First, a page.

What do the local election nominations in England tell us about the state of party politics in that country? The most obvious conclusion to draw is that a multi-party system is now well established, despite the quaint voting tradition of first past the post designed to maintain a Victorian two- party framework. Both the Greens and Ukip are contesting over half the seats available this year and are now closing on the Liberal Democrats, whose steady slide continues. TUSC manages to find candidates for more than one in ten of the seats, while Independents and a variety of local residents and other community groups maintain a fairly stable presence on the ballot paper.
The above graph illustrates the transition from the three-party system that was still in place as recently as the turn of the century. However, the rise of Ukip, Greens and, to a lesser extent, TUSC overshadows a decline in the number of candidates from a multitude of smaller parties that were active in the mid-2000s. For example, on the left the Respect Party is absent, while the Socialist Labour Party and the Alliance for Green Socialism have virtually disappeared. The number of Liberal Party candidates continues to fall, from 65 (contesting 2.6% of seats) in 2000 to just 19 now, virtually all of them in Liverpool.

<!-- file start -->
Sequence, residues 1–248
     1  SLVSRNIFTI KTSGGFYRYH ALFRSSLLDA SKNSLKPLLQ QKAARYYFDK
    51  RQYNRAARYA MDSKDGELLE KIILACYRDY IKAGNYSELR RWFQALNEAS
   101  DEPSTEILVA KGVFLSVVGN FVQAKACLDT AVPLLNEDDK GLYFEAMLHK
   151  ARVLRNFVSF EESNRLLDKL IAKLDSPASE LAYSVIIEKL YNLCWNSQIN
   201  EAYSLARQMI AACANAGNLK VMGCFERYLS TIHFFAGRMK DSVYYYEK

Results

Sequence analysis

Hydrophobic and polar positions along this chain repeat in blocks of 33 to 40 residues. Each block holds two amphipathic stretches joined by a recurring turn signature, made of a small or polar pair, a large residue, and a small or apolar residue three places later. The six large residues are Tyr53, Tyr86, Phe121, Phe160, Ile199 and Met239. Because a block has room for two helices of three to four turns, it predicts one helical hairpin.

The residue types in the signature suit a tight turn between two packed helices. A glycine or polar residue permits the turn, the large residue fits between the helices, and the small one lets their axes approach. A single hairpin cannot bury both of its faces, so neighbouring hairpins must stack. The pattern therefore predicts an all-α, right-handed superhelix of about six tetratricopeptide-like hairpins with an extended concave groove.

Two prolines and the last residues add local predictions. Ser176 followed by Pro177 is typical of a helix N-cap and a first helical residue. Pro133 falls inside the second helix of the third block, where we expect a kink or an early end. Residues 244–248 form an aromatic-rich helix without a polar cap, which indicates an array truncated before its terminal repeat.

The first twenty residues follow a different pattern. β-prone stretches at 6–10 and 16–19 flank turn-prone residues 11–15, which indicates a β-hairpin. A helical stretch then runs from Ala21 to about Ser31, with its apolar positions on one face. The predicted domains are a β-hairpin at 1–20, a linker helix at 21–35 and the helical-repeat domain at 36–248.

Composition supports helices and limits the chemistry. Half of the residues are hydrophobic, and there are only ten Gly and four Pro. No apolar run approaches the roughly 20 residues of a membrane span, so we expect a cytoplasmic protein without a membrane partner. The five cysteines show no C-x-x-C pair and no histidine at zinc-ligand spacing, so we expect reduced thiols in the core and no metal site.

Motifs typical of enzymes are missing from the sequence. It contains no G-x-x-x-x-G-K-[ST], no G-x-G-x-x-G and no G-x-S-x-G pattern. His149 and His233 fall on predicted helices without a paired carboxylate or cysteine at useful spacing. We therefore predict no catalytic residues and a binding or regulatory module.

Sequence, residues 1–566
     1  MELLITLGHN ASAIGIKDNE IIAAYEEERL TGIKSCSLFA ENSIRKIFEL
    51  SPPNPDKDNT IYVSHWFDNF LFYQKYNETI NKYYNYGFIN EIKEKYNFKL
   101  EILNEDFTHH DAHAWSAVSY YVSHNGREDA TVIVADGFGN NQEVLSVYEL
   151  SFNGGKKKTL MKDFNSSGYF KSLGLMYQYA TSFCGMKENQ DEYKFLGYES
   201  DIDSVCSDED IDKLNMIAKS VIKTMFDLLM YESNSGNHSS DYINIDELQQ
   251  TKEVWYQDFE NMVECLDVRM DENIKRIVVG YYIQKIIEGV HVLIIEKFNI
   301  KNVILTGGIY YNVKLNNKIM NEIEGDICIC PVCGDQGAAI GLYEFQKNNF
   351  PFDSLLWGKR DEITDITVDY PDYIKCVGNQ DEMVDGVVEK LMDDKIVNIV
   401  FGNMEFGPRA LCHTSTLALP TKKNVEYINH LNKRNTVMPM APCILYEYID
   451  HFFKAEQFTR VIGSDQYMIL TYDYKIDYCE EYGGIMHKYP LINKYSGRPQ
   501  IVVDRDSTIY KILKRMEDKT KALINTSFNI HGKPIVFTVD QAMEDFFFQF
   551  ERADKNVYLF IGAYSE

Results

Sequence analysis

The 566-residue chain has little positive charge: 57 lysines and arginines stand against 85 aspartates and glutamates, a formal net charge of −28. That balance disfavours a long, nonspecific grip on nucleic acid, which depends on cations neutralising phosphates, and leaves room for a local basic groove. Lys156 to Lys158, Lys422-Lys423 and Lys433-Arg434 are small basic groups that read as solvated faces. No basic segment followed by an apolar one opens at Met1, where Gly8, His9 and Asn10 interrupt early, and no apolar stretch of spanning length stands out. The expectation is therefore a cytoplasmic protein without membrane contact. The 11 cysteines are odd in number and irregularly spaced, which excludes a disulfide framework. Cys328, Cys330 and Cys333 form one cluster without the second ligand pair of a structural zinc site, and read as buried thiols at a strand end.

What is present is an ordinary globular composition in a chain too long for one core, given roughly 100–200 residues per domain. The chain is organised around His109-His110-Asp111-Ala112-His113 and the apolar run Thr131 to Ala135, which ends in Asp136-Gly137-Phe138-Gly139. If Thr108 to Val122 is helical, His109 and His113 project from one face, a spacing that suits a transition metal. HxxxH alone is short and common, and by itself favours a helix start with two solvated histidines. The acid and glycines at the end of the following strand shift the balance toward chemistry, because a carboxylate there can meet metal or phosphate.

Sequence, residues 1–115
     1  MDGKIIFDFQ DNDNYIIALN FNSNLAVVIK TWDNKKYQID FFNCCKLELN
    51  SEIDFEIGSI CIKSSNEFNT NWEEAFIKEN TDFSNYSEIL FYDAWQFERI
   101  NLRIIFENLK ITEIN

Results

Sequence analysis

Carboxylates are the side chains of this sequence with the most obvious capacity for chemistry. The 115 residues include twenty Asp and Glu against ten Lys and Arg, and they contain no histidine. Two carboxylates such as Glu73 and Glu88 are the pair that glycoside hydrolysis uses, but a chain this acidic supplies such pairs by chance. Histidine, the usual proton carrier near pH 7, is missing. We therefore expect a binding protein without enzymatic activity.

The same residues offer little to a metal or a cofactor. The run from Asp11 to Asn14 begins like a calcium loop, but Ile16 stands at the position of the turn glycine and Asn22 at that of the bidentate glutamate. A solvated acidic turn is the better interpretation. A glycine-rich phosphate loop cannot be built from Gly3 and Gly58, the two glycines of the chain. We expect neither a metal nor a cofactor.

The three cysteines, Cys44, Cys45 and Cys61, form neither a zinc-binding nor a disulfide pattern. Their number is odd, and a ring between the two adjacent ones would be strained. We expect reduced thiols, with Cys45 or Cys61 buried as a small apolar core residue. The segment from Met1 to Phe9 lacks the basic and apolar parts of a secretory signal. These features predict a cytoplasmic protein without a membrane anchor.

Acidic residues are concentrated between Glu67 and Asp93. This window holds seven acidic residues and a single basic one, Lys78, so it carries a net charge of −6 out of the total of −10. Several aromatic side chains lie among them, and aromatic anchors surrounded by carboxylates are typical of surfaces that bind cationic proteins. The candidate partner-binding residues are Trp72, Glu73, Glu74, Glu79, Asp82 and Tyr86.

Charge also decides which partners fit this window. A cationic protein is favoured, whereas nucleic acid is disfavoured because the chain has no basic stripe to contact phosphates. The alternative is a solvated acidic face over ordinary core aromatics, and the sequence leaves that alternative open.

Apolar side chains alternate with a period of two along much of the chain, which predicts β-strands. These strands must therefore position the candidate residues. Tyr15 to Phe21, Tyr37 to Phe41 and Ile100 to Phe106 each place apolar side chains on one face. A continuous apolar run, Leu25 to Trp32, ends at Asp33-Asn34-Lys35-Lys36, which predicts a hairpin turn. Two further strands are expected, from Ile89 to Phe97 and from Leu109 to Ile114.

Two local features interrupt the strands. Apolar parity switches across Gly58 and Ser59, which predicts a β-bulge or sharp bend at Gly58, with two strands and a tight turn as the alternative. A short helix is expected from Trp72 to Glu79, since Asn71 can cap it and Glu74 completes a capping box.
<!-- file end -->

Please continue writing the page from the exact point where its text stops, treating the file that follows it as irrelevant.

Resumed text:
But the most spectacular rise and fall has been that of the BNP. That party can now be seen as paving the way for Ukip, which has hoovered up its supporters. The BNP’s 11 candidates in 2000 expanded to 526 in 2008, more than Ukip and almost as many as the Greens, but then fell back to 126 in 2012. This year, the number of BNP candidates has collapsed to just seven. On a smaller scale, the English Democrats have also experienced the same rise and fall, although managing 15 candidates this year. The BNP is now the third party on the British/English nationalist right, having one candidate fewer than the National Front.
And is the promised dawn of English regionalism finally visible on the horizon? Yorkshire First is putting up 15 candidates for the 312 seats available in Yorkshire. This is a solid, though unspectacular, start, one enhanced by a candidate in the Sheffield Brightside parliamentary by-election taking place on the same day. The North East Party has just a sole candidate in Sunderland. It remains to be seen whether these parties can establish themselves as permanent players in elections in the north of England or whether they’ll prove to be temporary flashes in the pan, like many local community groups have been before them.